The Rohingya conundrum
KUTUPALAONG REFUGEE CAMP, Bangladesh — “I love to play football,” Abdul, 12, tells me as I gaze at the vast expanse of bamboo-and-tarpaulin shelters in this monsoon countryside. Inquisitive, and perhaps eager to practice his limited English, he shadows me throughout my field visit to his community.
On the surface, Abdul is an ordinary boy, eager to play sports and roam around. But underneath his cheerful disposition, he is a child without a home. Alongside hundreds of thousands of Rohingya, his family had to flee Myanmar in 2017, when the military embarked on what the Human Rights Watch calls a “large-scale campaign of ethnic cleansing” — with reports of people being massacred, gang-raped and burned alive. The refugees have since lived in the camps, relying on aid agencies for food and basic needs.
The government of predominantly-Buddhist Myanmar has offered to repatriate some of the mostly-Muslim refugees, but no one has accepted the offer from a government that has refused to recognize them as citizens or acknowledge the atrocities they have endured. Besides, for many whose villages had been burned, there is nowhere to go back to.
To a great extent, Bangladesh has accommodated the “forcibly displaced Myanmar nationals” — now numbering 1.1 million — despite its limited resources and very high population density. “Do you think any Western nation will do this?” asks one camp coordinator, reminding me that the country has welcomed, or at least tolerated, the ebb and flow of refugees since the 1970s.
The refugees, however, are increasingly perceived as a drain in resources and viewed as a social and economic threat. Media reports highlight some refugees’ involvement in drugs and crime, as well as high birth rates in the camps, further reinforcing people’s negative attitudes. For its part, the government has expressed frustration over the inaction of the international community, including major geopolitical actors like China, Russia, India and the US. It has also accused some nongovernmental organizations (NGOs) of dissuading the refugees from returning.
These sentiments form part of the context underlying a new policy barring mobile phone access in the camps, and a new pronouncement that further migration will not be allowed.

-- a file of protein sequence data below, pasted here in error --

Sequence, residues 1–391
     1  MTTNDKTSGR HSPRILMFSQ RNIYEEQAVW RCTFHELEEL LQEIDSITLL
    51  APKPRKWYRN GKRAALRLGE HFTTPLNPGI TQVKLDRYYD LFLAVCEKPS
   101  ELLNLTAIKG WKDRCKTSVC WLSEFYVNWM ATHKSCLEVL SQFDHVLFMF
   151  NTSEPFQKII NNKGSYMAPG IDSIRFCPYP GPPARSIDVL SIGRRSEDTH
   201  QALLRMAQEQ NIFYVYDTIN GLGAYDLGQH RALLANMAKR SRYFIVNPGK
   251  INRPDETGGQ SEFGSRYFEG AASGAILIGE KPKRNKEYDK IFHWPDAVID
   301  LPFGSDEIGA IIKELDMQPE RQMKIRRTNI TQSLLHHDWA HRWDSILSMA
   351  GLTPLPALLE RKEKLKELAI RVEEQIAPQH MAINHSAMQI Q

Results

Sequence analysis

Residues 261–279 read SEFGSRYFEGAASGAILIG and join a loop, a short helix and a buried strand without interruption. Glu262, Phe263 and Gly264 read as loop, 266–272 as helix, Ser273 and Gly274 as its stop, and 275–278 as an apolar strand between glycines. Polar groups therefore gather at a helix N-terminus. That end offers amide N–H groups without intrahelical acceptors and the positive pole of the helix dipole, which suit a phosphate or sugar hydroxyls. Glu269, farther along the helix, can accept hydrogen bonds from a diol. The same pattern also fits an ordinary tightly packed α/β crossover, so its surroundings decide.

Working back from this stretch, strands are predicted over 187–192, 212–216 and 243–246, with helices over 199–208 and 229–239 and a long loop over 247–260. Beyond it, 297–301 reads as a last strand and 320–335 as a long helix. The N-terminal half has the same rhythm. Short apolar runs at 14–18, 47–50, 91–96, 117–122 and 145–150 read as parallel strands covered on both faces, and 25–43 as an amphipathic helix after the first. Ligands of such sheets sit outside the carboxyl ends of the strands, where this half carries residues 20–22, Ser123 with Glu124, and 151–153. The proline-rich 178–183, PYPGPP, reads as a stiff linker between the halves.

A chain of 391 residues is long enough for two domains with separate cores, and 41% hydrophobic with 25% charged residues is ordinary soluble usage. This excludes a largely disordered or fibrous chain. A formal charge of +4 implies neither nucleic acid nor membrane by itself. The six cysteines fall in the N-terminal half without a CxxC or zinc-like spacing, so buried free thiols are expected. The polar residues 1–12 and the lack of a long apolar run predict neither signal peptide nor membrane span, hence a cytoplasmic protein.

The refugees, too, are growing impatient. Two weeks ago, tens of thousands attended a peaceful gathering to mark two years since “Genocide Day” and reiterate their demands for security, justice and citizenship. They may prefer to stay in the camps rather than return to Myanmar, or move to an island where the government wants to relocate 100,000 of them, but the lack of freedom, poor quality of life (i.e. limited water and electricity), and being at the mercy of a foreign government are surely taking their toll.
Many children, moreover, are growing up without proper education, despite the efforts of some international organizations and NGOs. Abdul may be happy to be in the football field, but he deserves to be in a classroom.
Meanwhile, social changes are taking place not just in the camps — where more and more “temporary” structures are being built — but also in the host communities. Once laid-back country roads have turned muddy and congested thanks to the daily parade of food trucks and SUVs. Prices have risen. Because of so many jobs available from donor agencies, young people are losing their motivation to study.
As with any conflict, the Rohingya conundrum is immensely complex, and there are myriad narratives one can tell. Out of a million people, there may be those who resort to terrorism and crime. Out of the hundreds of NGOs, there may be those who contribute to the impasse. And out of the states involved, everyone will have political interests that underline — or override — their moral impulses.
Nonetheless, it is clear to me that the main responsibility lies with the Myanmar government, whose exclusionary policies and violent acts against the Rohingya are at the heart of this humanitarian crisis. When will Asean leaders have the moral courage to call out their member-state? And when will the international community take a stronger stand against what the UN experts have called a genocide?
The response to these questions will determine the future of children like Abdul, and the fate of an entire people.
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